Apr 28, 2009

Google Library and Commons

I've just discovered that Google now allows you to save public domain books into your library. What good are public domain books for Commons, you may ask? Well, in addition to being interesting historical documents, public domain books, by default, are full of public domain images. In other words: Google Books project does not only collect text, but alongside, quietly, it is collecting a vast amount of old illustrations, photos, maps and such. Examples:

[Please note, those images may not be available in full view to users outside of the United States - reason] (PS. And indeed now that I am in Poland I am seeing junk...)

I've saved a few dozens old Polish books into my library, most of them have at least several old illustrations, photos, or maps. I have no idea when I'll have time to move them to Commons, but I wonder if we should create a dedicated project that would catalogue useful books (those that have media) and report on the progress of their assimilation?

It appears Google have scanned lot of duplicates of the same book; they don't seem to have any mechanism on reporting duplicates, and their reports on damaged pages seem somewhat buggy, too. Still, for a free service, it's a great tool!

Some useful tips for working with images from Google Print:
* you can switch to html mode while browsing a public domain book (small link somewhere to the right and middle of a page) and save the resulting image as a jpeg

PS. Surfing the web, I discovered this excellent blog ("Inside Google Book Search") devoted to Google Book Search; note the use of images from Google Book public domain books.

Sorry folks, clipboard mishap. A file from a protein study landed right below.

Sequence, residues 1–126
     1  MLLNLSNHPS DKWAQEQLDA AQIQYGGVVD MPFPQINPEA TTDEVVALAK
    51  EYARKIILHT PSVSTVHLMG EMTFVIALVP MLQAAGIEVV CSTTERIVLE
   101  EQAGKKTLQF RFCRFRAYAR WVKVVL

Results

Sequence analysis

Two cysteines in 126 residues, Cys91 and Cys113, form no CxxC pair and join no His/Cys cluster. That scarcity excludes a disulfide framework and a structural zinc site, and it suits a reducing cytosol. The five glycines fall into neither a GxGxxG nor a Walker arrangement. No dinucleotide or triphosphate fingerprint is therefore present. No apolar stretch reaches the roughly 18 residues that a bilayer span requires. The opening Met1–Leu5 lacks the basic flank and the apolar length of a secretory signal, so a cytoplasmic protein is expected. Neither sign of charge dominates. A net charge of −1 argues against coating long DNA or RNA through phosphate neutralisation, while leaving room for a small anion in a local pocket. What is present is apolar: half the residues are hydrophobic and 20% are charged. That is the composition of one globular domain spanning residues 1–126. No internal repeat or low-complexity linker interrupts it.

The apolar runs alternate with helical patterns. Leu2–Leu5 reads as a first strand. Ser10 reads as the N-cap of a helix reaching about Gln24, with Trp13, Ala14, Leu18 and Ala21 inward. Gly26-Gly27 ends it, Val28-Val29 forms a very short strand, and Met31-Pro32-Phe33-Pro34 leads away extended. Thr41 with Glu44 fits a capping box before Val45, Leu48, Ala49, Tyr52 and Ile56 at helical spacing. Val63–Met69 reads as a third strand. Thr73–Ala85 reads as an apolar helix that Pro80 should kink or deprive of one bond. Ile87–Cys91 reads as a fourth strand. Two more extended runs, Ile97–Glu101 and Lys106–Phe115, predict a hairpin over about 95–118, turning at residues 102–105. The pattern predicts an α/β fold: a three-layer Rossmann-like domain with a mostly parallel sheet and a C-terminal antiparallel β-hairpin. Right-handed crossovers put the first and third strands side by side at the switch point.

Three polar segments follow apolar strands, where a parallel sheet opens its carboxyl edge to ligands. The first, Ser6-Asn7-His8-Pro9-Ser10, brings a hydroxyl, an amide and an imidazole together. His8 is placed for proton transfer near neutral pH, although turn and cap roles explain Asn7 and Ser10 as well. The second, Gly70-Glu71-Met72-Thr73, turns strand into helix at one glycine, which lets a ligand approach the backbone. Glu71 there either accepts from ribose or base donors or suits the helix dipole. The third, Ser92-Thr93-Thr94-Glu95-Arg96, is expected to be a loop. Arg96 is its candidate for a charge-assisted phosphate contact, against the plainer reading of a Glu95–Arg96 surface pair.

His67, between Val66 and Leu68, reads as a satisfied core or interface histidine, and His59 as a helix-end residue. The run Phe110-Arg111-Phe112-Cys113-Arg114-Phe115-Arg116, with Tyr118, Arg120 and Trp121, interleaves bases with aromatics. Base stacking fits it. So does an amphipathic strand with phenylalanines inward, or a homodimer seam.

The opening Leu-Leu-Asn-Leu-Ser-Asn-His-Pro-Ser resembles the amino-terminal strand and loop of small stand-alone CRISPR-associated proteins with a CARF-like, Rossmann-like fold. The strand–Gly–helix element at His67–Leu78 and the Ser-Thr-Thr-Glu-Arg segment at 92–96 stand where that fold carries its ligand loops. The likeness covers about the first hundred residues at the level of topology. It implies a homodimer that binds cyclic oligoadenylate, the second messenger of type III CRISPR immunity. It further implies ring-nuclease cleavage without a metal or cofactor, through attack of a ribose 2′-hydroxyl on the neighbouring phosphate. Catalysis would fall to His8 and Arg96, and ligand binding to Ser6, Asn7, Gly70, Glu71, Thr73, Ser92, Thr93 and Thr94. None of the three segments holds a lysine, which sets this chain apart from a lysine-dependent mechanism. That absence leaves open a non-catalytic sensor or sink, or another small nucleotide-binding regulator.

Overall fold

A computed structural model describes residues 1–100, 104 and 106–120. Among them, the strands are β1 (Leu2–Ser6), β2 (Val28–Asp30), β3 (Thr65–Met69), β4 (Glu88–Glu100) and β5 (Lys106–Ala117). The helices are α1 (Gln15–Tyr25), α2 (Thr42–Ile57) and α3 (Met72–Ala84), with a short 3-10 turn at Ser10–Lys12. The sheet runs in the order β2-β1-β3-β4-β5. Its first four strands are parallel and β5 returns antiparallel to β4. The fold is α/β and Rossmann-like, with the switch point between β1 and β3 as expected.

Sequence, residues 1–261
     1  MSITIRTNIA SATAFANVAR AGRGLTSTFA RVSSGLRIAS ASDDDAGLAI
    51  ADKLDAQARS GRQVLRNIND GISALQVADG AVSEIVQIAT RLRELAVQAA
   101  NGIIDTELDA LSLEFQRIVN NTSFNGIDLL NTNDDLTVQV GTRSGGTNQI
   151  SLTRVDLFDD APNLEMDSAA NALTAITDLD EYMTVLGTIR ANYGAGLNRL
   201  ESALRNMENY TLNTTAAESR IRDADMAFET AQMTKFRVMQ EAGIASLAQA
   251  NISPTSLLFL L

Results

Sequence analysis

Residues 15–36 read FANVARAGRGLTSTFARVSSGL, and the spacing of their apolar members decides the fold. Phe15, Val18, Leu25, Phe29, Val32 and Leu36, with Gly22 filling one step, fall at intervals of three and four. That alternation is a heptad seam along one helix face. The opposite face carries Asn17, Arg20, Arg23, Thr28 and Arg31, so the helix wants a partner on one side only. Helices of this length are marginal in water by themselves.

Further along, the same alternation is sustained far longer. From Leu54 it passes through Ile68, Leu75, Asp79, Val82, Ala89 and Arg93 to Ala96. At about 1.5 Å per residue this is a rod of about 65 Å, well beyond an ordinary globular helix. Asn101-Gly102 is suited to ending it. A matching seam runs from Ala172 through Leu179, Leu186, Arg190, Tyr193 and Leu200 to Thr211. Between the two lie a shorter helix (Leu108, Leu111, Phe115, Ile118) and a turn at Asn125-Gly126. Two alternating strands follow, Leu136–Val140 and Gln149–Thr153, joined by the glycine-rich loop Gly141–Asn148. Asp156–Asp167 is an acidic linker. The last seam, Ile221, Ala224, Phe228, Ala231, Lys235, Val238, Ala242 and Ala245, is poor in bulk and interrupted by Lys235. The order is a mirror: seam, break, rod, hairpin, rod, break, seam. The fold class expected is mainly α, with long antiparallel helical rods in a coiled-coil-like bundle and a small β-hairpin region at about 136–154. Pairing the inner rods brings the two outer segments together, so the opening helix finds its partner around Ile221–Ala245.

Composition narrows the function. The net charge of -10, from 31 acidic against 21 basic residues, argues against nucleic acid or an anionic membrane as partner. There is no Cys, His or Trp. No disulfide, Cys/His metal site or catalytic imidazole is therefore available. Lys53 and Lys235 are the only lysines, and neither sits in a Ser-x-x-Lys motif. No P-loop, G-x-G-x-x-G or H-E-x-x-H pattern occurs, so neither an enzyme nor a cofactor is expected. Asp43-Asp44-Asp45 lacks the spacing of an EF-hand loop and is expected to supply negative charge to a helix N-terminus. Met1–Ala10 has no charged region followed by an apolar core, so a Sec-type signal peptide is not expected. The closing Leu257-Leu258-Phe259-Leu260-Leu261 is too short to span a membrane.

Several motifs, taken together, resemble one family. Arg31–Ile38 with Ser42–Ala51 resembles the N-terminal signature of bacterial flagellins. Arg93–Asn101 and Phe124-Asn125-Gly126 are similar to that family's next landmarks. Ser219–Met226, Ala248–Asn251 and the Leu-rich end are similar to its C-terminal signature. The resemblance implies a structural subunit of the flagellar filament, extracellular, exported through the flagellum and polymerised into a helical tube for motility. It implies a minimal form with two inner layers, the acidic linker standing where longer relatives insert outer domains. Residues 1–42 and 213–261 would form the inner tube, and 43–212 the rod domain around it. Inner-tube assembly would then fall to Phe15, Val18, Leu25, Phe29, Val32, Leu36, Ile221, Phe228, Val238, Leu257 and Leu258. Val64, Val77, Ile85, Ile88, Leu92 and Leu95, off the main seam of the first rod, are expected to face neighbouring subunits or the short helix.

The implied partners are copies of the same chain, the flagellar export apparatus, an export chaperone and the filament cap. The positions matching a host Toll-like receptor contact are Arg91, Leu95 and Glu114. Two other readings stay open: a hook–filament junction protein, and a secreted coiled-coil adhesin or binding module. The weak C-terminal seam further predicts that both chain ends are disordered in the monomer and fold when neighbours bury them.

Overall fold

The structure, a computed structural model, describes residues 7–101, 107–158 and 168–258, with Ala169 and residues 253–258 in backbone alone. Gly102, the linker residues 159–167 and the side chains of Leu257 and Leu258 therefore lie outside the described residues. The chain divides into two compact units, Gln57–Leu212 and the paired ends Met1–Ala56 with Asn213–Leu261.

Apr 20, 2009

Some interesting studies on Wikipedia

Wikipedia's coverage and conflicts quantified: this important study tells us which topics are best covered in Wikipedia, and also, which topics generate most conflict.

What's really interesting is the that "philosophy" and "religion" have generated 28% of the conflicts each. This is despite the fact that they were only 1% and 2%.

Preliminary results from the UNU merit survey: Preliminary results from the General User Survey of 2008 are available.

What I found quite interesting, in addition to the (expected but still not fully understood) the great disproportion in terms of gender among contributors, was the low rate of responders from Poland (around ~15 place, and only tenth as much as those from Germany) when compared to the fact that Polish Wikipedia is the 4th largest. The researchers are somewhat surprised at the rates of response from various countries; they have for example excluded the responses from Russian Wikipedia, which were the second most numerous group (Russian Wikipeda is the 10th most largest).
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Voice of the Prokonsul by Piotr Konieczny is licensed under a Creative Commons Attribution 3.0 United States License.